Fragile states may seem like a distant and abstract concern. They are not. They are at the center of much of today’s regional disorder and global upheaval.
China should reevaluate its policy toward North Korea rather than retaliate against South Korea if it wants to stop the THAAD missile deployment.
State fragility will remain a central feature of the international landscape for the foreseeable future. The United States’ response, however, can and must evolve.
Chinese and Russians now better understand both the potential and the limitations of their relationship. They need to move ahead on concrete issues, making sure that what is agreed upon at the top actually gets implemented.
U.S. President Barack Obama and Chinese President Xi Jinping must take advantage of their face-to-face meetings at the G20 summit to discuss serious security challenges that their countries face.
The furor over the Philippines v. China arbitration case constitutes a significant development that could influence the prospects for future rivalry or cooperation in the Western Pacific.
India claims it will “look east” in its foreign policy, but it continues to be distracted by the West. Meanwhile, China is becoming a more attractive partner for others in the region.
By seeking more space with China and Pakistan at the same time, some believe Prime Minster Modi could be creating a strategic nightmare for India. Others suggest the two fronts are no longer separate.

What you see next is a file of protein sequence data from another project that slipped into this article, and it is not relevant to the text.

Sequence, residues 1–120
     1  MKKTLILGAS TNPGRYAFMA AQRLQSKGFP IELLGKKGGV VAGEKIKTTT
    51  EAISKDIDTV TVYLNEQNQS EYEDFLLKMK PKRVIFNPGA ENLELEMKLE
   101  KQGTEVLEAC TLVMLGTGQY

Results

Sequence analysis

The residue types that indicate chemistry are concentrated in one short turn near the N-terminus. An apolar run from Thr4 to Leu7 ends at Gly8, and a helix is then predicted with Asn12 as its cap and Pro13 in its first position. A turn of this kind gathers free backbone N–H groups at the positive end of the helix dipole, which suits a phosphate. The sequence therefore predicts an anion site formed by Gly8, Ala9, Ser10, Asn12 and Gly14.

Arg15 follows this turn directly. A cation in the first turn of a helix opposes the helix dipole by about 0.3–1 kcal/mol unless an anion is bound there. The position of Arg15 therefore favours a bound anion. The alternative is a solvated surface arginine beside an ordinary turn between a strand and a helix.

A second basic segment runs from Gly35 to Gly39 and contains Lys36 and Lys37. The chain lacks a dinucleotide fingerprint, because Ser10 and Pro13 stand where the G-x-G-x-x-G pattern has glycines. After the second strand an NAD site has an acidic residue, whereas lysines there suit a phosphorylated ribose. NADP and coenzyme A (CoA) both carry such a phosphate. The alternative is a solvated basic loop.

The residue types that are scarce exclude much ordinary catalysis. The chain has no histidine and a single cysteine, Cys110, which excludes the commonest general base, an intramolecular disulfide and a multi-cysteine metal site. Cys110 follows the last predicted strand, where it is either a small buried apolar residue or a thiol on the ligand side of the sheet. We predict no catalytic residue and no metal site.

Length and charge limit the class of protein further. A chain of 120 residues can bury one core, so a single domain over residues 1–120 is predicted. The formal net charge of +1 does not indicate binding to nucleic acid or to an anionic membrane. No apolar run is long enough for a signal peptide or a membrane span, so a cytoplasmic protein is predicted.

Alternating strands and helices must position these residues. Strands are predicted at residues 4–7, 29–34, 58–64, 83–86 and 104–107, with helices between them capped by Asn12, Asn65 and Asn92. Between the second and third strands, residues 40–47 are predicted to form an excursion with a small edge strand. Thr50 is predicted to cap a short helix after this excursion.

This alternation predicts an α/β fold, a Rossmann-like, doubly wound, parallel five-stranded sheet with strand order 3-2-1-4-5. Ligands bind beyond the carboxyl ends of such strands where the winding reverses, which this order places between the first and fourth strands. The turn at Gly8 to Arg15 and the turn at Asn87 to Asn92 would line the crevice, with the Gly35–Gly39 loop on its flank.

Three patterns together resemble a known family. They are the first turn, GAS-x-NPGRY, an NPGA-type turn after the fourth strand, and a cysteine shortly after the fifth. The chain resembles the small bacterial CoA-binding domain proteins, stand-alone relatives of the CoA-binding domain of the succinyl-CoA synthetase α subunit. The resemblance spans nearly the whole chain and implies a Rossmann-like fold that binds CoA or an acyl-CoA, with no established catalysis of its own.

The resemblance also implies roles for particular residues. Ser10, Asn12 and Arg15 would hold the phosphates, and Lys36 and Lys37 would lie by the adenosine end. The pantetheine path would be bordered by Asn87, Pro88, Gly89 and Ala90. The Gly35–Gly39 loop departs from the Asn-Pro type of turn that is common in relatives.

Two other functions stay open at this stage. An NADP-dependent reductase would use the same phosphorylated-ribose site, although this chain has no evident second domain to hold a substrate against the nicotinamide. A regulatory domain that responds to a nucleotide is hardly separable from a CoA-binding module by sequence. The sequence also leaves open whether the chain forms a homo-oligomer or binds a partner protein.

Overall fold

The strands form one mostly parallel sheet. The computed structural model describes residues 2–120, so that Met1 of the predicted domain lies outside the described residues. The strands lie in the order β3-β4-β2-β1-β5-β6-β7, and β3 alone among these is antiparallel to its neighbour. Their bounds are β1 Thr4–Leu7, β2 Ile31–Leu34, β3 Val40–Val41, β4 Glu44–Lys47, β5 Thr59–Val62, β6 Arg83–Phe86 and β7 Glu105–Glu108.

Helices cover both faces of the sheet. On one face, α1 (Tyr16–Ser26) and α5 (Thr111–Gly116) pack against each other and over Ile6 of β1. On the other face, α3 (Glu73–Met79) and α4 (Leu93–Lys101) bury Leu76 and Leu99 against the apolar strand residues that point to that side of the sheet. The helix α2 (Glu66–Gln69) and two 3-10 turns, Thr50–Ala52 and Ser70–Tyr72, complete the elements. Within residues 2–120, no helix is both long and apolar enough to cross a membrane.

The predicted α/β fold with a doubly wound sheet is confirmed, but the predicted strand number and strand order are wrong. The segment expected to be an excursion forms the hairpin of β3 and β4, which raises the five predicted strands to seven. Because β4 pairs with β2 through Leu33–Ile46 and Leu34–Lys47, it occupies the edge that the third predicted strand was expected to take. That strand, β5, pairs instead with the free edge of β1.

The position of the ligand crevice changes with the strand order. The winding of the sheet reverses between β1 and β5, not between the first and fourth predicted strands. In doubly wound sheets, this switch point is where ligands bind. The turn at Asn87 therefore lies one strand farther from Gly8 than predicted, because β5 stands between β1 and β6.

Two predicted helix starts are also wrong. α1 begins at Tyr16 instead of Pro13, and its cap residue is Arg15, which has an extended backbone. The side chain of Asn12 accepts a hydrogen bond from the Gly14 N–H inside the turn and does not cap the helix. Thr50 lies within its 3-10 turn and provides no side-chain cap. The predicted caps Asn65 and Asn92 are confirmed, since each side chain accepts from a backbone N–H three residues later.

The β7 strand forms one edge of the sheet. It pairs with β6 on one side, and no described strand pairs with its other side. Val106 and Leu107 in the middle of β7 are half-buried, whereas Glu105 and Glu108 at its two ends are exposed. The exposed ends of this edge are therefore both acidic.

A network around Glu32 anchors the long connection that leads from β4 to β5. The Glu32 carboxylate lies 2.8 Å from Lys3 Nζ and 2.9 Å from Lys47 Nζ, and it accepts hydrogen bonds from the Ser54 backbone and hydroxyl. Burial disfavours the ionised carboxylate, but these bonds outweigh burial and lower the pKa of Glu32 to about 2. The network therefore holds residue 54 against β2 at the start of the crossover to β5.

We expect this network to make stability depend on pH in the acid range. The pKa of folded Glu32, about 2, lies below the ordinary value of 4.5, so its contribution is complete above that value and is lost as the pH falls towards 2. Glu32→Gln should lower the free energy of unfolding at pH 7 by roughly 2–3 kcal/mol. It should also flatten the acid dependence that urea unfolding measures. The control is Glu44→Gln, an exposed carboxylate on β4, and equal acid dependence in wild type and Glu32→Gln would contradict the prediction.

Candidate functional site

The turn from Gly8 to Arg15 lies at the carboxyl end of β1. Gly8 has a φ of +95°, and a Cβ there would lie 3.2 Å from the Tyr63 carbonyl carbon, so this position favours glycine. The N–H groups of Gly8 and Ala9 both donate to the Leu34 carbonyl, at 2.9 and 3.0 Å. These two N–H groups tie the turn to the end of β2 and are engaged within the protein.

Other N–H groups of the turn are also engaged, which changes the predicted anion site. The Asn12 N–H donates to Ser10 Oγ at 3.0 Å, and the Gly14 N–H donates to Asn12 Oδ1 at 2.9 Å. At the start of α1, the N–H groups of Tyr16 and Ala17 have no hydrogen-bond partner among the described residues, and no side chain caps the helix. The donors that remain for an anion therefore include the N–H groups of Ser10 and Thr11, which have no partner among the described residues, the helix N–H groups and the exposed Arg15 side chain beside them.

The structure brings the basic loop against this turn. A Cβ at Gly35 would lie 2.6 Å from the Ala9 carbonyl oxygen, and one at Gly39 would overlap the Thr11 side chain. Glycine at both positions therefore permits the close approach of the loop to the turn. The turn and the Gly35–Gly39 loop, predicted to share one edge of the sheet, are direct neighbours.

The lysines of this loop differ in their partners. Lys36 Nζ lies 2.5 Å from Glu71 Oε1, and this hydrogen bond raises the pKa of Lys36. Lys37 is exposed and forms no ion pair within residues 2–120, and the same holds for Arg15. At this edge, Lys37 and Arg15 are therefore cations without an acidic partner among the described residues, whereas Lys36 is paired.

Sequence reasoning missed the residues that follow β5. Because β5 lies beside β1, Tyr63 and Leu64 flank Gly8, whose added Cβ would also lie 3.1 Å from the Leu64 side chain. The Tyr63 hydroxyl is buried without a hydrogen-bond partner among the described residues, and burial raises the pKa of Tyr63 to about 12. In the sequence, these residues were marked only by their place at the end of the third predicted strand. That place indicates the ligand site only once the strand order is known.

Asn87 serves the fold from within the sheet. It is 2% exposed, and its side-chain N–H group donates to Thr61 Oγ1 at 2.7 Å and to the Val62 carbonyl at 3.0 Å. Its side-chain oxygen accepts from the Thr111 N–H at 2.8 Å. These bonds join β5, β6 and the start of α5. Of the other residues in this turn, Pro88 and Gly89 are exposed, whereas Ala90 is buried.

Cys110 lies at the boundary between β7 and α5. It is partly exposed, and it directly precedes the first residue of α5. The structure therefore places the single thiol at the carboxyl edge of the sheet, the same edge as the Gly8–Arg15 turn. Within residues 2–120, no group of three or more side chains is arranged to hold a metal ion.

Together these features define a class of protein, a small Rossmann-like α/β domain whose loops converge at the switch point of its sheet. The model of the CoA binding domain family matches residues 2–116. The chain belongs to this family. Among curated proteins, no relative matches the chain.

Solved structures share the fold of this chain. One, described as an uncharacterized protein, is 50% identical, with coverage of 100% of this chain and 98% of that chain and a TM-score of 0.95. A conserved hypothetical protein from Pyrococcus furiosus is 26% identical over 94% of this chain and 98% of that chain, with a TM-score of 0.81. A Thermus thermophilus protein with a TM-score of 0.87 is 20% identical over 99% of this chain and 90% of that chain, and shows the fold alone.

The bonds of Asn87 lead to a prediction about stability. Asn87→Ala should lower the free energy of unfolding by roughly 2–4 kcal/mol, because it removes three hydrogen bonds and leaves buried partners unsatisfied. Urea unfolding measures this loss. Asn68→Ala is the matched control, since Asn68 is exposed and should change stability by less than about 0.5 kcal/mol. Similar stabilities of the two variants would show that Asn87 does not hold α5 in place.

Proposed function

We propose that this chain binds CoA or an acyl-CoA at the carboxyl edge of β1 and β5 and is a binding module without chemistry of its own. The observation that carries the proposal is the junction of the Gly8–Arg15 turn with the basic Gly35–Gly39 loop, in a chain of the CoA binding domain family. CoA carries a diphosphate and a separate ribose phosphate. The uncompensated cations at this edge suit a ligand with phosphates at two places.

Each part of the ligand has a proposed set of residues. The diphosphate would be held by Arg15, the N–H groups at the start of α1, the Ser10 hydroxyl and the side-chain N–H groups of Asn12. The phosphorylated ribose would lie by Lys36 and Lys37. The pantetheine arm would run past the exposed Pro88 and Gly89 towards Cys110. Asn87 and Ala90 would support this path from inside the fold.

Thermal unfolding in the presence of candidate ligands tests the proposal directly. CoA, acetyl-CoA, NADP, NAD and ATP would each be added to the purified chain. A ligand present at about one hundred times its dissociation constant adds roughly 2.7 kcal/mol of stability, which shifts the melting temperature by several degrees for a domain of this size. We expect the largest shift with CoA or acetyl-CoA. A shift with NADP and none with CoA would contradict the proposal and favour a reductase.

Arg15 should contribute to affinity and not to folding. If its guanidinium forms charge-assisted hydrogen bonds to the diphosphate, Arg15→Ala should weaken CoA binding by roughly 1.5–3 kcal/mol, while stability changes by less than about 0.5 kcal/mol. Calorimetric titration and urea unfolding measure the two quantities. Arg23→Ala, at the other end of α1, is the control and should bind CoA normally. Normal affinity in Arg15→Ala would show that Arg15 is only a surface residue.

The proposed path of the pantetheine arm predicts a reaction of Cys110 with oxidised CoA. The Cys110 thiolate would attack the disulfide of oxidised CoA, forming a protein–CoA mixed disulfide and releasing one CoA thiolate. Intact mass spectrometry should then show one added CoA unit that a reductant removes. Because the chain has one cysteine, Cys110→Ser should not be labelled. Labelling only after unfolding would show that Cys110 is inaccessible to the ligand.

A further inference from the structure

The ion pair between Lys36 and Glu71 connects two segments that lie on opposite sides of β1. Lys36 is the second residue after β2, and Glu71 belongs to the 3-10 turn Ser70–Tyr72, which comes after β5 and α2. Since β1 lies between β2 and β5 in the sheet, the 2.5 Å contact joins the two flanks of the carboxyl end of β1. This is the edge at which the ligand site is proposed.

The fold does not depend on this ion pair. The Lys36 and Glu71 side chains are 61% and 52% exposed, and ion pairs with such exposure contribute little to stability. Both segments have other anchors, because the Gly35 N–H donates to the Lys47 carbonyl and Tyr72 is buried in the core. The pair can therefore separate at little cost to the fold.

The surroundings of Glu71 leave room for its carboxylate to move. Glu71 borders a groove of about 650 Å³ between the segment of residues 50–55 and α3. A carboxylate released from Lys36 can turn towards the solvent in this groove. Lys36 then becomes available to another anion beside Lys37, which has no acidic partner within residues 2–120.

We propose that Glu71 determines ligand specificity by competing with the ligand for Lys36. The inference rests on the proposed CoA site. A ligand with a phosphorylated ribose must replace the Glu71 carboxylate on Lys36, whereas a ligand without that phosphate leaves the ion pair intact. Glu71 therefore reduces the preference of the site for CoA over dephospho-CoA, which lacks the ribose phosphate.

India might think of itself as equal to China, but the realists point to the power shift that has begun to express itself in Beijing’s ties with New Delhi.
Russia clearly needs China much more than China needs Russia. China has a diversified economy, including multiple sources of hydrocarbons, and therefore Russia is definitely the dependent partner.
Against a backdrop of Russian, Chinese, and U.S. strides in science and technology, trilateral consultations could help address potential threats from new weapons.
The Republic of Korea’s decision to deploy the THAAD missile system has caused a strong reaction from China. Further dialogue is needed to strengthen ties between the two countries.
Gentrification in Beijing’s hutong takes on a distinct local shape, for better and for worse, perhaps as the front line of a transformation in urban Chinese culture.
The Carnegie–Tsinghua Center’s Young Ambassadors Program was recognized at the 2016 U.S.-China Consultation on People-to-People Exchange for its pioneering efforts to cultivate the next generation of global leaders.
China benefits from the U.S. dollar’s role as an international currency, and any reduction in the dollar’s global role would increase the difficulty of China’s domestic economic rebalancing.
While some Chinese observers praise Trump’s directness, others perceive him as a threat. For such observers, Clinton’s predictability is seen positively, yet some of her positions are expected to increase tensions.
While Chinese investments could increase the odds of Greece staying within the Eurozone, it will not resolve the structural problems that demand political consensus from within the EU.
In the wake of the agreement between President Obama and President Xi, there’s a bigger strategic discussion that will continue to play out around the future of the internet and the issue of sovereignty.
Analysis of China’s investment decisions in Africa can be informed by the debt crises of Venezuela and other high-risk countries in the Global South.
The supposed golden age in relations between mainland China and Taiwan may not have been so golden, but the two sides have a chance to keep constructive ties under new Taiwanese leadership.